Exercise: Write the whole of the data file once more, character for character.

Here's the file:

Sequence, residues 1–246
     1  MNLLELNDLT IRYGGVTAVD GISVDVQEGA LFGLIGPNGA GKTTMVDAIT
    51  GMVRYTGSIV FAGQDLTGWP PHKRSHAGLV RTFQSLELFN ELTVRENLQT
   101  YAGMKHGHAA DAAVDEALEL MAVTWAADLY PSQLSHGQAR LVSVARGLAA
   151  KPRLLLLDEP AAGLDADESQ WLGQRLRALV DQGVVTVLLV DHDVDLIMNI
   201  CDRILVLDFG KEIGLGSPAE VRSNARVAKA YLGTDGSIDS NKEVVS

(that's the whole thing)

Sequence, residues 1–246
     1  MNLLELNDLT IRYGGVTAVD GISVDVQEGA LFGLIGPNGA GKTTMVDAIT
    51  GMVRYTGSIV FAGQDLTGWP PHKRSHAGLV RTFQSLELFN ELTVRENLQT
   101  YAGMKHGHAA DAAVDEALEL MAVTWAADLY PSQLSHGQAR LVSVARGLAA
   151  KPRLLLLDEP AAGLDADESQ WLGQRLRALV DQGVVTVLLV DHDVDLIMNI
   201  CDRILVLDFG KEIGLGSPAE VRSNARVAKA YLGTDGSIDS NKEVVS